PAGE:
‘Farm & Garden’ Category

Raising Backyard Chickens: Eggs!

Posted on September 23rd, 2012 by Tonia No Comments

Our layers laid their first eggs! They’re so small, they fit side by side in the palm of my hand. We’re going to need about 8 more before we can make an omelet….But we’re so proud of our girls!! Nice work, ladies.

Raising Backyard Chickens: Butchering

Posted on August 5th, 2012 by Tonia 7 Comments

Jen and Trevor bravely offered to help us butcher our 10 remaining meat chickens. They have some experience with this from their time working on a farm in Washington, and we were really grateful to have their skills on hand that day.

Mike did the honors of cutting off the heads, J&T helped pluck, gut and quarter, and I rinsed and packaged them for the freezer. We averaged 15 minutes per bird from beheading to freezer.

Things went smoothly thanks to all the helping hands and our friends’ knowledge. But right around the 8th bird, Mike started feeling depressed. Watching that many little lights go out in rapid succession gets to a person.

I was secretly relieved to see him feeling that way. If he had been totally cheerful and fine about the whole experience, I would have been a little creeped out!

Yes, they were “just gross meat chickens” as most farmers refer to them. They sit all day long in their own poo. Even if you give them the space to roam around, which we did, they prefer to just squat by the feeder and shovel grain down their gullets. They have one purpose in life: to eat as much as possible. They were at their full-grown size in six weeks flat {by comparison, our egg chickens are only about 3/4 grown, and they were born at the same time as the meat birds.}

But all things considered, it was still hard to kill them all in one go like that. It felt a little like a factory assembly line, and I didn’t like that. I much prefer the one-off approach where we could take the time to thank the bird for its life and really process what was happening.

We have a freezer full of breasts, drummies, wings, livers and thighs. We have jars upon jars of chicken stock. We’ll be enjoying this bounty all winter long in the form of stews, soups, enchiladas, pasties and more.

The whole process of raising our own meat so far has been both easier and harder than I expected. At times, I’ve been surprised at my own ability to shut off my emotions towards the animals. I’m sure this is an automatic response in my brain designed to protect me from identifying too much with the very animals I’ll be eating shortly. I’m both ashamed by it and grateful for it. Being such an intense animal lover, I would surely crumple into a sobbing pile of self-hatred and empathetic suffering if not for my brain’s protective mechanism.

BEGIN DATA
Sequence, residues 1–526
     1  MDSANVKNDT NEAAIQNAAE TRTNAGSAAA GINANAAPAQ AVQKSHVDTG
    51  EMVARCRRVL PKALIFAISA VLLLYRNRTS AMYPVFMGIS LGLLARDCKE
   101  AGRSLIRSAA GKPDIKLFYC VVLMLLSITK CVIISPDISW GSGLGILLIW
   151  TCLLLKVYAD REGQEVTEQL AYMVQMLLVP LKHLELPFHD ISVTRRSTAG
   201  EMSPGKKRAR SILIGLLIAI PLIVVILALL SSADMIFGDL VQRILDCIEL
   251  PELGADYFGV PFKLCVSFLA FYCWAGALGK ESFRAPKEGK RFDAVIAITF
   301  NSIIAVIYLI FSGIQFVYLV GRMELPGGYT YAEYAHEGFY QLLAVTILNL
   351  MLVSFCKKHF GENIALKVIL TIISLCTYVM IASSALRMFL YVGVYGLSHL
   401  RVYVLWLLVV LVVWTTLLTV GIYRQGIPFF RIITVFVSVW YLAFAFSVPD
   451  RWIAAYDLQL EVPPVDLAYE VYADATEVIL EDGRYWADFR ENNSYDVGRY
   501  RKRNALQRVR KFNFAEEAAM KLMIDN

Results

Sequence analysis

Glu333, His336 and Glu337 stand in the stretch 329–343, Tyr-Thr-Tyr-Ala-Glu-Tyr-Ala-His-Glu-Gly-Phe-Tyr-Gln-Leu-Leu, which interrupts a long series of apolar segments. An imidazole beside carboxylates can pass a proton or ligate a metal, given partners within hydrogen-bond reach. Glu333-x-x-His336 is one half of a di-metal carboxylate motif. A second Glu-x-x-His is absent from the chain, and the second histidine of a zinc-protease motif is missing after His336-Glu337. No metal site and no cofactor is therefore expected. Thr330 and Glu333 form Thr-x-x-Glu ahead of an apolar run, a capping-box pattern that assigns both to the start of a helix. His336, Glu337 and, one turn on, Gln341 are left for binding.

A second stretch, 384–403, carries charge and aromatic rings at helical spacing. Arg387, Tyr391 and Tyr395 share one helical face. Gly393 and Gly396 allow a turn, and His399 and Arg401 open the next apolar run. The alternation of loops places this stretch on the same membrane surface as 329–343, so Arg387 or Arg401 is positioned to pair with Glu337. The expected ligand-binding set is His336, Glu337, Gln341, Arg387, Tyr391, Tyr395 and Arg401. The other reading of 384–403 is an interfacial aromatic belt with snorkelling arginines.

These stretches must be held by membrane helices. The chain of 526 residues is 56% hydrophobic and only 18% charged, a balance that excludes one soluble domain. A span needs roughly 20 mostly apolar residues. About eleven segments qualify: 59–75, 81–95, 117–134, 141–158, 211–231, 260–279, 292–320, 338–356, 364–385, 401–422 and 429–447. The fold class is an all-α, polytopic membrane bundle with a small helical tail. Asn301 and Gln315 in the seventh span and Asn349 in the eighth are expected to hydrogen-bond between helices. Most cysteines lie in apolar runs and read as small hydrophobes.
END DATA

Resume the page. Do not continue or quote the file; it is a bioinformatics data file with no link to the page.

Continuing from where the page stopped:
Other times, I can’t help but picture what it feels like to be that animal- confused, scared, and most likely in pain even though we take the most humane route when we kill them and they die very fast. The understanding of it clenches my heart. We’re the reason for that pain and for its life ending. They trusted us, looked forward to seeing us every day when we fed and watered them, and now we’re killing them.

I feel all of this deeply, and still I do think that raising your own meat is a good way to go about eating meat. I feel so much more grateful for meat. I appreciate it in a completely new way, on a whole other level, in a deeper part of me, than before. And I rest easy at night knowing that our animals lived great lives up until their very last moments. You can’t say that for most of the meat in the grocery store.

Raising Backyard Pigs: Thy Name is Mud

Posted on July 13th, 2012 by Tonia 5 Comments

Let me tell you something- this little lady {and by “little” I mean 200+ lbs} looooooves mud. When it’s hot out: lays in a cool mud hole. When it’s rainy out: runs around happily because yay more mud! When the bugs are bothering her: rolls entire body in a thick, protective coating of mud. Mud mud mud mud mud!

You think that looks like a $#!^-hole? Well it’s actually a therapeutic spa bath, so you’re wrong. See the relaxed smile on her face? That’s the kind of peaceful contentedness we strive for here with all our animals. Who knew keeping this one so happy would be easy as….mud?

Raising Backyard Turkeys: All Grown Up

Posted on July 12th, 2012 by Tonia 6 Comments

Remember when they were this big?

Well now they’re this big:

I can’t even believe it. They’re HUGE.

Christmas {white, female} is the more affectionate of the two. She comes running over to me and has a special trilling noise she makes when I pet her. She’ll still let me hold her just like when she was little- she’s as tame as can be.

Thanksgiving {brown, male} is definitely her protector. He attacks anything {precocious little wiener dogs, for example} that seems threatening, and he’s gorgeous and impressive with his feathers puffed and tail splayed. He’s not afraid of anything. But he still lets us pet him and he doesn’t care about us petting and holding his woman, although he does examine us with his intense and thoughtful eyes. They both do this, actually. We’re always under the scrutiny of their incredible vision. I really wonder what kind of thoughts turkeys have as they stare us down.

I never thought I would bond like this with a couple of turkeys. I wish for my own sake that they hadn’t imprinted on me when they were young. I now laugh coldly at my idea to name them after the holidays they’ll be served at, meant to save me from getting too attached. Ha. They could have been named White Meat and Dark Meat for all that matters– I still love those stupid turkeys.